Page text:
Manel González. Journalist
He's one of the most well-known personalities on Spanish TV, which is unsurprising as he's had a very productive career as a journalist. He's worked in radio and the print media, and he currently spends every weekend covering national and international news on Telecinco.
José Ribagorda is one of Spain's greatest gastronomy reporters, and he reports on this topic from his popular blog "De las cosas del comer," the name of which was taken from his most recent book, which is now available (Planeta Gastro).
Question.- Before we begin, as a native of Galicia raised just a few kilometers from Herbón, thanks for emphasizing that the small parish should be recognized as the famous peppers' birthplace. Do you aim to bust myths on your blog?
Answer.- On the blog I aim to defend the truth, to provide a treaty on gastronomic truths and, on certain occasions, to dispel false myths and highlight a job well done by producers and business people.
Q.- Your new book brings traditional and cutting-edge cuisine together. Whenever you have the chance, you advocate for a balance between the two, but we have to ask: if you had to choose, which do you prefer?
A.- I'm a huge fan of both—I don't prefer one over the other. I believe they should co-exist. In my opinion, debating between one and the other is absurd, and even counterproductive.
During times of confusion, cutting-edge cuisine can find a solid foundation and values in traditional cuisine. At the same time, tradition should feed off of new techniques and trends which favor and improve it.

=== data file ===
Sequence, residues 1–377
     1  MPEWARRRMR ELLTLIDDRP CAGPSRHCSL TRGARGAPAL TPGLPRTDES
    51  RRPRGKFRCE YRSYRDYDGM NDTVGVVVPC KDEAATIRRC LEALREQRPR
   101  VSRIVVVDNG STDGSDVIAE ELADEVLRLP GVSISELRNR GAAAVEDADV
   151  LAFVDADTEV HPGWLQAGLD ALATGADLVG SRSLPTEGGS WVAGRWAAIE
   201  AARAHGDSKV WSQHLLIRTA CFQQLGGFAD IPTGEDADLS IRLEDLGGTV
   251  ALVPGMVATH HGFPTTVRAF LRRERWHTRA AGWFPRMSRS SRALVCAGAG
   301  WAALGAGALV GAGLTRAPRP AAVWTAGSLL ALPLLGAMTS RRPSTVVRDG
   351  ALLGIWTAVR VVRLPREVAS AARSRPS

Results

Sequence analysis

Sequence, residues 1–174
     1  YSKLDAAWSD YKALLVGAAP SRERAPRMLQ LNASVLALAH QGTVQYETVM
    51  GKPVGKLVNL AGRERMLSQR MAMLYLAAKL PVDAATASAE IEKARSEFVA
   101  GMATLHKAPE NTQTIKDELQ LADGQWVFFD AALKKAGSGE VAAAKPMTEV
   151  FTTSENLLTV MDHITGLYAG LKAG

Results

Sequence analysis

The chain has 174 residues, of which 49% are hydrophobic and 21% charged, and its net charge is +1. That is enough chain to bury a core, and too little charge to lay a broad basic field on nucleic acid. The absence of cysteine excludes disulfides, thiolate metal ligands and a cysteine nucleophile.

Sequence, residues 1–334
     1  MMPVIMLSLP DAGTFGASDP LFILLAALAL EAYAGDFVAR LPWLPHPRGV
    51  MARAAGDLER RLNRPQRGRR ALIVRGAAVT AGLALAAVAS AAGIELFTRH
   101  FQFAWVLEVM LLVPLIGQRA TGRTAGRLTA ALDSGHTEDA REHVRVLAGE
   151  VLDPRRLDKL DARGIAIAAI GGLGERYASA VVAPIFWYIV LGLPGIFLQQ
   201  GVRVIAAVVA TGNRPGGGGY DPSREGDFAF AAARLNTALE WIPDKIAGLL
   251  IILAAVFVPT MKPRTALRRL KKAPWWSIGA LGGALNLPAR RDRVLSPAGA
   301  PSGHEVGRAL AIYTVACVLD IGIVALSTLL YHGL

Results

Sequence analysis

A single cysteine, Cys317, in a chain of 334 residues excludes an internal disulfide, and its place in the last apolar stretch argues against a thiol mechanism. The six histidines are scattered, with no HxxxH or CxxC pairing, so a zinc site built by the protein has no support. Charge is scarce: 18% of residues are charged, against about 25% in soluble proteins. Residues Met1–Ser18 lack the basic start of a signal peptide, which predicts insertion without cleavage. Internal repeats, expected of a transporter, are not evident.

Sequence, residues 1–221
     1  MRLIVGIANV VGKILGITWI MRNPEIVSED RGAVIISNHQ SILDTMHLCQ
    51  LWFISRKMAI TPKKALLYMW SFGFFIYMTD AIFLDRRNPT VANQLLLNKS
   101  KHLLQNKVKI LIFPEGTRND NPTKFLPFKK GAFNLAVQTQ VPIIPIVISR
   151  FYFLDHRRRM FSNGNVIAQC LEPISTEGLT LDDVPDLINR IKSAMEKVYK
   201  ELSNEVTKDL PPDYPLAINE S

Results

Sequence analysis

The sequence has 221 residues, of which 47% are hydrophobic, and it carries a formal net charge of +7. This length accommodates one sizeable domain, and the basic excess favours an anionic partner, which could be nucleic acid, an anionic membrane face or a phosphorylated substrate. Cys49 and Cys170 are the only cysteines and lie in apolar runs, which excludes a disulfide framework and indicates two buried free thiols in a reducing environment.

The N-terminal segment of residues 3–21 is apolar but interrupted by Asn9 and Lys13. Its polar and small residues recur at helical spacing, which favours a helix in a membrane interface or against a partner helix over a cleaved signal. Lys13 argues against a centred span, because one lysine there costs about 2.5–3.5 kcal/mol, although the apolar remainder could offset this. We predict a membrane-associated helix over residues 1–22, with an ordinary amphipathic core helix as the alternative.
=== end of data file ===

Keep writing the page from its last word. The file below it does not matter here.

Q.- To write this book, you must have traveled extensively, talked to lots of people, etc. How have you been able to balance that with being on one of the most popular new shows on Spanish TV?
A.- By giving up a lot of my free time and spending less time with my loved ones than I would like. I have no choice—there are only so many hours in a day.
It required a lot of hard work, but it was worth it.
Q.- You have always defended the hard work of producers. In many segments of the industry, the low prices they receive for their products is an enormous problem. Do you believe that enhancing the visibility of their efforts can help raise awareness among consumers?
A.- I think so. Making consumers more aware, which is what the book seeks to do, leads to a greater appreciation of a product and a job well done.
Raising awareness about gastronomy allows people to find out about new products and to appreciate those that are particularly outstanding. Knowledge allows people to appreciate production and a job well done.
Q.- Interest in gastronomy has increased exponentially in recent years, but some people say the market is saturated. What's your opinion?
A.- I don't see it like that. It's trendy, but I believe it's positive because it helps popularize gastronomy, it gets people interested and they enjoy it. It's important to remember the educational component of these types of shows; they serve not only as a distraction, but they also help develop people's palates, train their conscience in certain ways and, above all, raise awareness about gastronomy, which is very positive.
Q.- If you had to create a menu—an appetizer, entrée and dessert—from the products you talk about on your blog, what would it include?
A.- As an appetizer I would suggest crab from Noja, which is extraordinary—everyone should try it. As an entrée I would recommend rabbit and snails from Casa Elías, which is “the landscape on a plate” in southern Alicante. For dessert, I would have some moscatelicos (small Moscatel-flavored cakes with cream and chocolate) from the Manuel Segura Museum-Bakery, in Daroca (Teruel), which has been around for three centuries.